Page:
I thought I’d help Guy round up his Lies series, by writing about my top 12 favorite sins of marketing gurus and their books.
- Anecdotal evidence: Guru’s are always telling nice (even great) stories, giving lots of examples and anecdotes. Those can be a lot of fun and quite educational, but most are too specific to work for you, and when you want a more thorough justification it’s not necessarily there, thanks to the invention of best practices…
- Best practices: best practices are a result of reverse-engineering, so it’s like trying to figure out a cake recipe by using a lab analysis of its ingredients. Most are either too generalized to be helpful with specific problems, or too atomized to be restructured practically.
“Best Practices” actually means: building on experience in a world of disruption and fluid rules ; Building on gut feelings on subjects that are built on complex, contradictory or just messy theoretical disciplines ; Using imitation in a world where very few players actually know what they’re doing and even they use a lot of trial and error.
And when best practices are not powerful enough you can make them into rules…
- Sweeping generalizations: Gurus love rules! The golden rule of this, the immutable laws of that. And on the other hand…
- Sweeping negatives: Which doesn’t change the fact that we’re told that “X is dead” and “Y does not work anymore”, while “Z is just not enough” and besides – all the rules have changed, rules are meant to be broken etc… (see cliches)
- 100% evangelism (or “I’m converted, let me go”): Many guru ideas are explained in the first dozen pages of their book, and can be quite powerful. While you look forward to their development, it tends not to happen, and the rest of the book is mostly reiteration and preaching to the choir (with frequent use of anecdotes, which are fortified by calling them “case studies”).
Heck, maybe they are just saving the good stuff for the next time.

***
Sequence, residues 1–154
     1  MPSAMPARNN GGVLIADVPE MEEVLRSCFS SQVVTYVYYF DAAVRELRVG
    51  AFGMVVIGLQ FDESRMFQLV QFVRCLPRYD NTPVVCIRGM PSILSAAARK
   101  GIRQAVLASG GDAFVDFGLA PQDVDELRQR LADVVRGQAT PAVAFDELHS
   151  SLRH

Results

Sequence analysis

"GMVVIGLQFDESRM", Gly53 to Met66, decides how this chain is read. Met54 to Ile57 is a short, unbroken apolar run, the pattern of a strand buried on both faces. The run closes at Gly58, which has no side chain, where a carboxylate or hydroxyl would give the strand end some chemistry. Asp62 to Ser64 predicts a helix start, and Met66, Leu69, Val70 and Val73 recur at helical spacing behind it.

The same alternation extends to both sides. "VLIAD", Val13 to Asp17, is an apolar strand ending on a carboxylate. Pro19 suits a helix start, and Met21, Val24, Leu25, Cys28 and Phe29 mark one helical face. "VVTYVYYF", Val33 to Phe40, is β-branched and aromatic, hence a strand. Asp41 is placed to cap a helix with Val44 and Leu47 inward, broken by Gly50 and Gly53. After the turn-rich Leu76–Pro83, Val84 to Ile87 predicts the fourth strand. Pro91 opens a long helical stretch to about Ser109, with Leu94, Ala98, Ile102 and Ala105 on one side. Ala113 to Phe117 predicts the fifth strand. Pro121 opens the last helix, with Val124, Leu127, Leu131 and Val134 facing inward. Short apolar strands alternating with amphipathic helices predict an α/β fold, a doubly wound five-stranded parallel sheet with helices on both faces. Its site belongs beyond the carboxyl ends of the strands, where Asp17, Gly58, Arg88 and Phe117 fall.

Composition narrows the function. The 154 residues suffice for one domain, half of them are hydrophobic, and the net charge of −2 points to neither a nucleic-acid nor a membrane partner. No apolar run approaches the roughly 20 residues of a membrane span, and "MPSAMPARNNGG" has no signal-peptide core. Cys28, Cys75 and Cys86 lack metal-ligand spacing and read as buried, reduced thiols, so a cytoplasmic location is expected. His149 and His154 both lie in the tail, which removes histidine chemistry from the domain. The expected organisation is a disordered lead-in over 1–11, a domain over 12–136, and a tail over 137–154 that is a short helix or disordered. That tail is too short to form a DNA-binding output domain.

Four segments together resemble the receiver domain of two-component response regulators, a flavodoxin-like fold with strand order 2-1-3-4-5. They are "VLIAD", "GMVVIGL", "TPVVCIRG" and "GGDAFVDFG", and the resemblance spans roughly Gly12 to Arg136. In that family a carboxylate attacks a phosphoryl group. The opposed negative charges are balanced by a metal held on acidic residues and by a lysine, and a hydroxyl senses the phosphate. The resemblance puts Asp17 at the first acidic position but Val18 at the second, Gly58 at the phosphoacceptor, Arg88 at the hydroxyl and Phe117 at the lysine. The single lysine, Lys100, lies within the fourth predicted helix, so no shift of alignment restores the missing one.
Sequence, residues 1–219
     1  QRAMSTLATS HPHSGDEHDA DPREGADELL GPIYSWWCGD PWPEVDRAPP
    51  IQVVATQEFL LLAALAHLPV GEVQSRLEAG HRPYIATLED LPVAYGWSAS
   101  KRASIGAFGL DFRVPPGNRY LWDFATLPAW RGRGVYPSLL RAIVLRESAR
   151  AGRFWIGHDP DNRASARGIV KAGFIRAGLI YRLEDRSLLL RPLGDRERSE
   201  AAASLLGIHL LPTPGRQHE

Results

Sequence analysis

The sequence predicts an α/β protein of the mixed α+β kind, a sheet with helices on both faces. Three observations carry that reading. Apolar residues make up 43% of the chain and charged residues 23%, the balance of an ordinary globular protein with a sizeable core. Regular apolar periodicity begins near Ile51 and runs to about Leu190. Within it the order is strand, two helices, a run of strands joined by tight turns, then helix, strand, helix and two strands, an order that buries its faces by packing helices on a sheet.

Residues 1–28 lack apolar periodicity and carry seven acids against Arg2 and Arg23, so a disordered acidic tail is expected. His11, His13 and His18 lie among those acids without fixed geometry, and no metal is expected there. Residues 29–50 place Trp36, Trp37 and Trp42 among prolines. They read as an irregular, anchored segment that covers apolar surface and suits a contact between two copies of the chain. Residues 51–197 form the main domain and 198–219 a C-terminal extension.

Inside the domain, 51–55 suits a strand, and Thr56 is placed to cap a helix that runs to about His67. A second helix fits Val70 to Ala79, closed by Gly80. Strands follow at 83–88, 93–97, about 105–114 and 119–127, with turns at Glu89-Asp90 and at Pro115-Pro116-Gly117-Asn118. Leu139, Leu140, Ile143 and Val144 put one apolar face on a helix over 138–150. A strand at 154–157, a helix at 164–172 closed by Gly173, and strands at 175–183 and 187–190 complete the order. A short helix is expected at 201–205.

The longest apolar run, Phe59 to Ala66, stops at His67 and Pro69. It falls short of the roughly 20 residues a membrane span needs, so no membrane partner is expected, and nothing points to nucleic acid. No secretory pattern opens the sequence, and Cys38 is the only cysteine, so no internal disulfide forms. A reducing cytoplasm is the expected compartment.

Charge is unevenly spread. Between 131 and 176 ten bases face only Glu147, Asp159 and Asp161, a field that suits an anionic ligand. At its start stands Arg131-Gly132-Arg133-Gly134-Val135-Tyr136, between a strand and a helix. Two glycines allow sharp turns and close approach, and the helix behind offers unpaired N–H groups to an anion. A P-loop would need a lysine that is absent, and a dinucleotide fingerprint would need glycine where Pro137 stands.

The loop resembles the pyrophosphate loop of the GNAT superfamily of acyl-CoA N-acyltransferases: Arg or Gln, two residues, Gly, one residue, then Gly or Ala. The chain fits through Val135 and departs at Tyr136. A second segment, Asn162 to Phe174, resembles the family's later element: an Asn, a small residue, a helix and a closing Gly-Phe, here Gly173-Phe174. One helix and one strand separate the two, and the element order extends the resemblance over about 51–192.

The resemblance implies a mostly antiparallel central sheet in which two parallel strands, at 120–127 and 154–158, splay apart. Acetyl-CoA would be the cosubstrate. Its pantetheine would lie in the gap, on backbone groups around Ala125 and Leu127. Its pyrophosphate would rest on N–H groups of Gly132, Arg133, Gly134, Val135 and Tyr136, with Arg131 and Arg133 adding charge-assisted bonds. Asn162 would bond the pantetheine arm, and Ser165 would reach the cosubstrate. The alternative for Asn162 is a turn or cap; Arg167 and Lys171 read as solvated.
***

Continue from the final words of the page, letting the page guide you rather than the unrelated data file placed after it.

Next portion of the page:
- More bulk for your buck: this is about over beefing books, reports and presentations. Why are so many marketing books so thick when the first 30 page (and if to be honest – sometimes less) will suffice? If what you have to say can be summarised in a post – write a post, don’t sell me a whole book. (BTW – the best way to beef up a book? Yup – Anecdotal evidence)
- New marketing is old marketing and vice versa: This is a cycle that has been spinning so fast, that it seems both new marketing and old/retro-marketing live together in perfect harmony side by side on the best seller list. Surprise! while some things change, some stay the same. It’s tempting.
And you can always make the old look new and the new newer by creative use of rebranding…
- Rebranding of jargon: take an old concept and wrap it up in a new metaphor. My current favs (=peeves) are “total branding”, “quantum branding”, and Lovemarks(TM!) – All different levels of rebranding branding, a problematic product to begin with.
If that’s not enough – go extreme…
- Fundamentalism: Many guru arguments are built as all powerful, all engulfing doctrines. It’s that “All you need is X” rhetoric (X being CRM, Branding, Positioning, Buzz Marketing, etc.).
That’s just not true.
- Evoking the geeks: Want your ideas to be more viral? Compare them to star wars (e.g. light side/dark side analogies), talk about blogs, and don’t forget there are other strong geek groups, like the spiritual geeks – have you sold your Ferrari today?
- Cliches: In the new business environment of our rapidly changing landscape, complexity is increasing, uncertainty is the only certainty and consumers are fickle…
- Round numbers: Gurus just love to make up lists. This list should have ended at either 10 or 12 points according to guru rules. Thus I’ve sinned myself, but since I was at 11 I had to either make it 12 or (good grief!) go all the way to 15 or 20.
The more artistic version of list-making is letter-alignment – making acronyms out of words like SMART, or the 3 S’s and 7 P’s and the n N’s. Just by thinking about this phenomena I realise this list is getting way too silly, and must stop.
(damn, I forgot you never point – you pontificate!)
This list is obviously lovingly dedicated to all the gurus I came across through the years, many whom I obviously learned from and appreciate…
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